This is a typical entrance into a courtyard in the Hutong Area of Beijing, with the symbolic red door and frame and the worn threshold. Red, the emperor’s color, is used for good luck. The ancient threshold, now worn to almost ground level, was believed to keep out evil spirits. Look inside. Can you imagine the people who make this small courtyard their home? Can you see the bicycles, the mop, the stool? Deep inside, there’s another door, leading to yet another living space.
I was enchanted by the hutongs of Old Beijing. These narrow alleyways/streets are created by courtyards (siheyuan) that house several families (nine where I visited). Walls of the courtyards add privacy and keep out evil spirits who are unable to turn corners. Hutong is a Hun word meaning “water well” The story is that during the Hun occupation, as they took their cattle down the narrow alleys for water each morning, the Chinese asked where they were going. They responded “to the hutong.” The Chinese, misinterpreting, took that to mean the narrow streets.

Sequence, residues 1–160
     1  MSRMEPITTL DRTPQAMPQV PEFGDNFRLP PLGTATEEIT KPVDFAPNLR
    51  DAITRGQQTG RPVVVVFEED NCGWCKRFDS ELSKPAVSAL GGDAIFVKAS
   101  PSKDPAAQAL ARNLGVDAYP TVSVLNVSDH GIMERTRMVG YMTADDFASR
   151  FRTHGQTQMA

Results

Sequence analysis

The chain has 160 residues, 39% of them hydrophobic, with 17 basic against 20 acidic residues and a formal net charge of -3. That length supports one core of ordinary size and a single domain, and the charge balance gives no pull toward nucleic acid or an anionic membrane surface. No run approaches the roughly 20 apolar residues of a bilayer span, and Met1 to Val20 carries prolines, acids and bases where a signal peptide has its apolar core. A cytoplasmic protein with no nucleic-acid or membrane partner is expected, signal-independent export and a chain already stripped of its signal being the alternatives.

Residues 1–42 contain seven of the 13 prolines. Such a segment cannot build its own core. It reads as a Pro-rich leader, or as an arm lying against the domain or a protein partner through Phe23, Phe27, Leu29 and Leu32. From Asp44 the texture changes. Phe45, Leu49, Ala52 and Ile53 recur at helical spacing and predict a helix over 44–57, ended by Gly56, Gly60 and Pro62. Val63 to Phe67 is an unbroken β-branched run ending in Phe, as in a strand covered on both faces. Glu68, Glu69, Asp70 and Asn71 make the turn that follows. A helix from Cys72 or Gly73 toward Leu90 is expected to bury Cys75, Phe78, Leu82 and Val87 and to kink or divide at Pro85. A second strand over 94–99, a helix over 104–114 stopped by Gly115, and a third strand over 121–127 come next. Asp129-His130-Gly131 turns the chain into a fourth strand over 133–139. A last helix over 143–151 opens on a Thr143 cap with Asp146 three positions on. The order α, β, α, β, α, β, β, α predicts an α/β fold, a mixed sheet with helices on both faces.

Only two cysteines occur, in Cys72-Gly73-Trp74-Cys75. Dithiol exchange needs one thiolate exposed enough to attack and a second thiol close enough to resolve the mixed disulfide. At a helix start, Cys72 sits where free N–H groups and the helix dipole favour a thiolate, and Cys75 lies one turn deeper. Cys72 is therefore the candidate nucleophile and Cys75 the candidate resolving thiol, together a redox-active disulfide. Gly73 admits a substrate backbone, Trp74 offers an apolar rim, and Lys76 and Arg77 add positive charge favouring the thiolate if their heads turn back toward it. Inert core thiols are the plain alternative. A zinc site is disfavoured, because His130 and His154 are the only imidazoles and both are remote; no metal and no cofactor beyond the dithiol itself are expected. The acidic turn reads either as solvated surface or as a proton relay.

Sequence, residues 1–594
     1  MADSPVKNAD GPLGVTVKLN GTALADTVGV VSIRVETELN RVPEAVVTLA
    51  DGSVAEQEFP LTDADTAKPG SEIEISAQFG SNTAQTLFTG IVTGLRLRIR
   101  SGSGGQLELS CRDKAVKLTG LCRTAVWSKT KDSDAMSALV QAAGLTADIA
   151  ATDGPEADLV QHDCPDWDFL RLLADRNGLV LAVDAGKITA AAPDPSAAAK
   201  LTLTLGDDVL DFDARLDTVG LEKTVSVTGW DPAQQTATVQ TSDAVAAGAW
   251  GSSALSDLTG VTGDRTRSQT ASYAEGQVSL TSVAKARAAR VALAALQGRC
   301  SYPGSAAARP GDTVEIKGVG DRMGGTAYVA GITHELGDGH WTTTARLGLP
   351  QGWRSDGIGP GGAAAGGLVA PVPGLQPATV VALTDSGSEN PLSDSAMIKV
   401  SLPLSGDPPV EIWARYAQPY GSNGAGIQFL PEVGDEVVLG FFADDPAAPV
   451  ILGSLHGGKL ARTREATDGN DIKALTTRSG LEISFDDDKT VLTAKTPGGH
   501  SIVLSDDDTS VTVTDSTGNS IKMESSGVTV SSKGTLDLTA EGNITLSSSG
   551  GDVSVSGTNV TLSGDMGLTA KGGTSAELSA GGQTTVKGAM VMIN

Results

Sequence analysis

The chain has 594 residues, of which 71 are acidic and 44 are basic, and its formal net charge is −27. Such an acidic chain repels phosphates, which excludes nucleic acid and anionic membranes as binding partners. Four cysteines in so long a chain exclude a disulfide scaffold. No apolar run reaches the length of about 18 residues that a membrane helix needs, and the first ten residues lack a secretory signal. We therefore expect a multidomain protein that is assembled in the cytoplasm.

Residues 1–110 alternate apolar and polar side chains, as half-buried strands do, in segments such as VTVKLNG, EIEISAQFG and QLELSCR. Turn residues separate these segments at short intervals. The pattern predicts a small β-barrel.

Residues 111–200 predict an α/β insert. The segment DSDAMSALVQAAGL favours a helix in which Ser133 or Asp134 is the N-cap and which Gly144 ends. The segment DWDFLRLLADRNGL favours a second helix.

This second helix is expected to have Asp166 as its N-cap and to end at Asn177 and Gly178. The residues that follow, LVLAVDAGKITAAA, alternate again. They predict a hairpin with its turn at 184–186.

When I was in Beijing, I chose the Mutianyu Great Wall over the Badaling Great Wall because it was advertised as less crowded. I had seen incredible shots of endless vistas revealing the immense structure snaking across the mountain ridges and looked forward to capturing similar images.
However, it was not to be as a fierce storm set upon us … actually, when I was alone on top of the wall. For a few minutes, when I was standing at a juncture, with the rain falling in sheets and lightning painting the sky much too close for my comfort, I did not know which way to turn. I had moments of true concern (fear?) thinking of the tour van leaving at the scheduled time while I wandered in the pelting rain on top of the mountain.
I am frequently asked what I liked best about China and the answer is always the same: THE PEOPLE. I found them to be warm, open, friendly and generous. As we exchanged stories about our cultures, our families, and our jobs, I learned that we are alike in so many ways.